Liz Egan: How to ensure staff and managers feel comfortable discussing cancer in the workplace

Liz Egan Macmillan

Each year, almost 120,000 people of working age are diagnosed with cancer in the UK, according to figures sourced from the Office for National Statistics, Welsh Cancer Intelligence and Surveillance Unit, ISD Scotland, and Northern Ireland Cancer Registry for UK 2012 cancer incidence among those aged 15-64. And with survival rates improving and people retiring later, this figure is set to rise.

With 85% of people wanting to return to work after cancer treatment, according to a Macmillan and YouGov survey conducted in May-June 2016, but 47% having had to give it up or change roles as a result of a cancer diagnosis, according to a Macmillan and YouGov survey conducted in June 2012, it is important to ensure that the right support and advice is available early on to prevent staff falling out of work when they do not wish to.

We know it can be difficult to know what to say in the workplace both from a manager’s and an employee’s point of view. However, having a conversation about cancer can be the first step towards the staff member with cancer getting the support they may need in the workplace. Under equalities law, an employer should try to support its employee; this includes putting reasonable adjustments in place to help them stay in or return to work when they are ready and able to.

If a staff member with cancer does not choose to share their cancer diagnosis with their employer, it will make it more difficult for an employer to provide support or make any changes at work that the employee may need during or after treatment.

Talking with their line manager or HR department is key in ensuring support can be put in place, from arranging time off or flexible working, to telling them about sick pay entitlements.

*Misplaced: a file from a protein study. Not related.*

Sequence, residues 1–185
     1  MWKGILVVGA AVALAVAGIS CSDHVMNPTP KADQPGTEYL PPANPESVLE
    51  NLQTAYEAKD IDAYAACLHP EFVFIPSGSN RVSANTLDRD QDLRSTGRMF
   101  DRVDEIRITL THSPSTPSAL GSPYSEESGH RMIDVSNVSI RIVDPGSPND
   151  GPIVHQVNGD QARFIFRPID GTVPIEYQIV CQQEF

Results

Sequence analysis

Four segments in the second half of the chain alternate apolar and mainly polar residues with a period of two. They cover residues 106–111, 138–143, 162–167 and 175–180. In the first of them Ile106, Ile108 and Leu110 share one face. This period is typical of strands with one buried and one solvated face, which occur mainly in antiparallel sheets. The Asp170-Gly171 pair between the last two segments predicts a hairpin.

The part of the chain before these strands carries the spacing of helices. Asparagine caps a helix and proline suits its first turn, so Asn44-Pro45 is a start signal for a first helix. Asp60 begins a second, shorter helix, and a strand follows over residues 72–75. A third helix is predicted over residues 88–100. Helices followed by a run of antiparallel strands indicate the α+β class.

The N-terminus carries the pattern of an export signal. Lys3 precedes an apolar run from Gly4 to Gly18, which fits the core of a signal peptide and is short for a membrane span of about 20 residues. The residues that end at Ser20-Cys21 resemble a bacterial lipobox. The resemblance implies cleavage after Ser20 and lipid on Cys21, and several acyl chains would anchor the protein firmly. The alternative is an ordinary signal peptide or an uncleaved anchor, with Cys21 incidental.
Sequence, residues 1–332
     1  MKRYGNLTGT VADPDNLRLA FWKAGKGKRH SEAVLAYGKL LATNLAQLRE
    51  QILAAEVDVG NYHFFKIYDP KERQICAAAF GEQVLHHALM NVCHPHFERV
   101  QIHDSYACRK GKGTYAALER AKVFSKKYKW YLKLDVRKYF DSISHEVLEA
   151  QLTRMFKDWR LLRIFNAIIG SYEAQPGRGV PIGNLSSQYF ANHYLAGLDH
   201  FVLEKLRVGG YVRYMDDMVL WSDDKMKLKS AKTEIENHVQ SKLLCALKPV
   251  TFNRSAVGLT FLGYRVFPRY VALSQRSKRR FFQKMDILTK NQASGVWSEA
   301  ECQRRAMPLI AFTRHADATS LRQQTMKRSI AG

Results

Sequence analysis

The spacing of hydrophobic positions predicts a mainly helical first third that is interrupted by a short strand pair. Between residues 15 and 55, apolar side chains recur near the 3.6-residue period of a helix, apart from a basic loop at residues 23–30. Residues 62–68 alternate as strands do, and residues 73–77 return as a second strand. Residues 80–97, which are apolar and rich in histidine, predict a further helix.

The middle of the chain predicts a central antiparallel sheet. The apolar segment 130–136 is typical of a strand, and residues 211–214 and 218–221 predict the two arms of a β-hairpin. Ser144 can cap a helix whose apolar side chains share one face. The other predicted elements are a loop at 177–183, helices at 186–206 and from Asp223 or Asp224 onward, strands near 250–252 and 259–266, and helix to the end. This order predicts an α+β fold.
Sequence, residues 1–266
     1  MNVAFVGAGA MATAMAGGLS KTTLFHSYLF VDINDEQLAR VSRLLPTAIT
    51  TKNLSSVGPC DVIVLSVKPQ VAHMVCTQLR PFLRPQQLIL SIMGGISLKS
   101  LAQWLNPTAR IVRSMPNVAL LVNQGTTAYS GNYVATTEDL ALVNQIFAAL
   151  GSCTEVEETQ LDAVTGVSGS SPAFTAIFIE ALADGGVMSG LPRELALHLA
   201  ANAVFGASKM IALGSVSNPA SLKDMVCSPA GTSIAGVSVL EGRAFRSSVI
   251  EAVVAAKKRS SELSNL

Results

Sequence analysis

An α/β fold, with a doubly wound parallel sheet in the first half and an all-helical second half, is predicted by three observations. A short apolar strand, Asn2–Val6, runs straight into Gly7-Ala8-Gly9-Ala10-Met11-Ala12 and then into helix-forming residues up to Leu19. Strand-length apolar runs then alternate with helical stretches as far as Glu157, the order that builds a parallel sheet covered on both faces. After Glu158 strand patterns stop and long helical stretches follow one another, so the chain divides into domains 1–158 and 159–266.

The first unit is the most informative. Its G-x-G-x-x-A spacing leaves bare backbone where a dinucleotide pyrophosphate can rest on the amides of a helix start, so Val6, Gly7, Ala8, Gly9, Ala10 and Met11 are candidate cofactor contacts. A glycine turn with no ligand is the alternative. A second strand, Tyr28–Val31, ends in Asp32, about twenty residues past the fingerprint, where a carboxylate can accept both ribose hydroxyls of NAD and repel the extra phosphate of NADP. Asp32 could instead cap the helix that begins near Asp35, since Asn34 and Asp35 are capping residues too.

Encouraging a culture of open communication in the office is one way to try to ensure that if a member of staff is ever diagnosed with cancer, they will feel secure and confident enough to speak to their line manager or HR department about it. Another is to ensure staff are aware of the policies and support offer in place.

Macmillan has developed a step-by-step guide, Finding the words: talking about cancer at work, for employees to help them know where to start and what to say in these situations, which is also useful for managers and HR staff to read to prepare for any topics or questions that may come up.

How people communicate is very individual, and employers will need to consider their response in a given situation. Everyone is different and what is appropriate for one person will not be helpful for someone else. Sometimes it can also be good for individuals to have more than one point of contact at work. Someone other than their line manager can be seen as more neutral or easier to relate to about health where gender or age is an issue. This gives them the opportunity to talk confidentially about their situation and what impact it might have on their work. It is important to remember, however, that if the person does confide in a line manager, for example, this information is confidential, unless the person gives permission for this to be shared with the team or with HR.

We know that as a manager it can also be challenging to have these conversations, which is why Macmillan has developed some useful tips for managers about sensitive conversations: they should choose a private place to talk and make sure they will not be interrupted; be prepared for the meeting to overrun, let the employee set the pace; show they are listening, encourage conversation by nodding or with verbal cues like, ‘I see’ or ‘what happened next?’; show it is okay to be upset by allowing the employee time to express their emotions, and recover if necessary, while remaining calm themselves; and set up and agree communication plans if the employee is going to be out of work for a period of time during treatment.

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Overall, ensuring that employees and managers feel comfortable discussing cancer in the workplace is key. Employers could hold a Macmillan coffee morning, for example, and use it an opportunity to let staff know that they are there to help if they need support, as well as raising awareness about the different support they can access from Macmillan. Macmillan at Work also provides more in-depth training and support for line managers and HR teams.

Liz Egan is working through cancer programme lead at Macmillan Cancer Support